This is just one last PAX East post to discuss stuff I didn’t discuss before. The event in general, a couple panels I attended, and how the experience has evolved over the years. If that doesn’t strike you as too interesting of a hook, I can also promise at least a couple cool cosplay photos. But probably none of me. Unless that would really be a draw for you, then we’ll see what we can do.
At PAX East I attended a few interesting panels. Jonathan Blow gave possibly the best keynote (“Storytime“) that I’d ever seen at a PAX, talking about not the games he’s made, but games he’s played recently that he finds an inspiration. “My First Pixel” was a sort of reprise of the “my first game” panel I attended a couple years ago, this time with different folks talking about the first games that they developed. “Adventures in Game Writing” was a great look at what the job of doing the writing for game – as opposed to writing about a game – was really like, with writers from board games, card games, and video games all on stage.
I didn’t feel the panels were quite as crowded this time as they were in years past, or at least, maybe not the panels I personally attended anyway. There were a few panels that were outright mobbed, though. The long line to see Markiplier’s panel made me realize my age.
I’d say the panel I had the strongest feelings about was the one titled: Lara Croft: the Undisputed Queen of Gaming. I have a really complicated relationship with Lara Croft, which I’ve talked about a little before. But as it turns out, I’m a big fan of the latest incarnation of Lara in the Tomb Raider reboots. I wanted to check this out for a retrospective of how she’s changed over the last 20 years. Going into the panel, I would’ve totally disputed that Lara Croft is undisputed, in terms of her Queen of Gaming status. That was me disputing! But the panelists made some great arguments. She’s certainly an extremely recognizable popular culture character, and I found myself caught up in learning about her journey from big polygons to feature film star to today’s more nuanced Lara. I also met some terrific cosplayers…
Looking in the bathroom mirror on my way out of the panel, I realized that with my own predilection toward ponytails, I certainly resemble Lara myself these days more than many other lady video game stars out there. Maybe it would be fun to give that comfy looking outfit a try? There’s a revelation a past me would disown myself for.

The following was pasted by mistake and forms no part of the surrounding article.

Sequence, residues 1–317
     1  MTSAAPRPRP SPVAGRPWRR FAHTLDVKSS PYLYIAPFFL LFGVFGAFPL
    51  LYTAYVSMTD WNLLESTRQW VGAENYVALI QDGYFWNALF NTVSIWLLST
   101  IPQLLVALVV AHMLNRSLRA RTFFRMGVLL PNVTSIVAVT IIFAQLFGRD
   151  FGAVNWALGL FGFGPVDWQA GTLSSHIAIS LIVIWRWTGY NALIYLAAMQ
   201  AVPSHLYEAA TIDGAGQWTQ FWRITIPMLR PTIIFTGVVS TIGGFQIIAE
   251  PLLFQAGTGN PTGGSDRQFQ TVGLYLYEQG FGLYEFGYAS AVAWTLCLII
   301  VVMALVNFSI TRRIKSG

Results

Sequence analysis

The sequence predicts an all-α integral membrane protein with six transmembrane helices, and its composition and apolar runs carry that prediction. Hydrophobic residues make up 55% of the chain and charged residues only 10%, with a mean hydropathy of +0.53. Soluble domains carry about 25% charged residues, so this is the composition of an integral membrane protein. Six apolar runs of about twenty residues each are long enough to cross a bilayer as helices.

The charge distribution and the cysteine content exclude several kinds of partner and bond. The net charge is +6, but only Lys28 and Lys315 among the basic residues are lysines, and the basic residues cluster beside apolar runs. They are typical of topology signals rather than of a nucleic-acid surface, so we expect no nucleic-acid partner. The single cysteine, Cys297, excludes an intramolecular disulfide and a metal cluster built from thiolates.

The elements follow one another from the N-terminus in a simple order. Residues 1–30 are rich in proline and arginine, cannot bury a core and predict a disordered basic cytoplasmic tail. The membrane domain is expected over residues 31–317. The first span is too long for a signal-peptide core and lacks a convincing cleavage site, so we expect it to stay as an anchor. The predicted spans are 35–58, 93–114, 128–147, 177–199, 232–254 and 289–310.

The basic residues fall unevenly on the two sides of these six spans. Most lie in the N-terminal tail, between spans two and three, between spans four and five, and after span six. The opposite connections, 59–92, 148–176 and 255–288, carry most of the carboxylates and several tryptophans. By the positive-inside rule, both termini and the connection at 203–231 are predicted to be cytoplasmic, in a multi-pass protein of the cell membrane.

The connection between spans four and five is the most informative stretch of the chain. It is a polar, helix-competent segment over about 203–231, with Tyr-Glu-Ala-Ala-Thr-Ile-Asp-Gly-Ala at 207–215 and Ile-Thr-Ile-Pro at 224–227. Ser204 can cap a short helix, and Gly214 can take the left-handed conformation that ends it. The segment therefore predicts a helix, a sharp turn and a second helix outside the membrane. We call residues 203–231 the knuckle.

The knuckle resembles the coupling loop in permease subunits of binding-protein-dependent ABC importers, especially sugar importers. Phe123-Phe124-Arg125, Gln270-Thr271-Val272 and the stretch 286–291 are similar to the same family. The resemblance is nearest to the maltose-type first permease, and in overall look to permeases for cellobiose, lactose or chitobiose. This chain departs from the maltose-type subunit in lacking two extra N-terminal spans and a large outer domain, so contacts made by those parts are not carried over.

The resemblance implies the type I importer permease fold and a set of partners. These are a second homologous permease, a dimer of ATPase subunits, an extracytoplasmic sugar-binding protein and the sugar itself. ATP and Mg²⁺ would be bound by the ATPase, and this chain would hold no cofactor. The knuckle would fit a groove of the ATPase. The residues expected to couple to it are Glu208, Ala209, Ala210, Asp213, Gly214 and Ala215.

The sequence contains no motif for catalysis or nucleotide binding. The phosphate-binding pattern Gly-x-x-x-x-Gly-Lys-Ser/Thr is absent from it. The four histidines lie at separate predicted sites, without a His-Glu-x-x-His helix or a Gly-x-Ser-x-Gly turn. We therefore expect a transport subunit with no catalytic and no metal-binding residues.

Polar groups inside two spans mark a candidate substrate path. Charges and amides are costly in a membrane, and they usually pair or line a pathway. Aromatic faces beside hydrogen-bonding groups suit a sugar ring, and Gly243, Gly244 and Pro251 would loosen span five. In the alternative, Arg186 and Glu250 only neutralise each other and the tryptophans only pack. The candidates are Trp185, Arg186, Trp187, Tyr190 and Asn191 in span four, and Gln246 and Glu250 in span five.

But that brings me to…
PAX brochures indicate that PAX isn’t a huge convention for cosplay, but I don’t generally find that to be true. I felt like I saw a lot of it, though maybe not quite as much density as one would at an anime event such as Katsucon. The amount of cosplay at PAX East (and, at MagFest) is really about my speed. Lots of small groups, a few solos, people just doing it to have a good time, and nobody seems very stuck up about it or anything. Plus, you might end up seeing some of your favorites! This awesome group really did it for me.
Overwatch is starting to gain traction as the new hot thing to be and it certainly had a big space on the show floor, with long lines to try out the beta and several people already portraying the characters. But that’s nowhere near the mob that I used to see at the most heavily cosplayed game in PAX…
League of Legends
I’m not much into MOBAs at all. Compared to 2014’s show, though, it already feels like this bubble has burst, leaving behind only the big clear winners in the MOBA space. A great change that PAX made to the show floor this year was to move a lot of their League of Legends content to a separate area, called the Riftwalk. The LoL professional cosplayers and Riot staff could mostly hang out there, have their own separate line, and keep from causing immense traffic problems on the show floor. A good change. They always do a terrific job with their show content and I have lots of respect. But the floor is busy so this helps with traffic.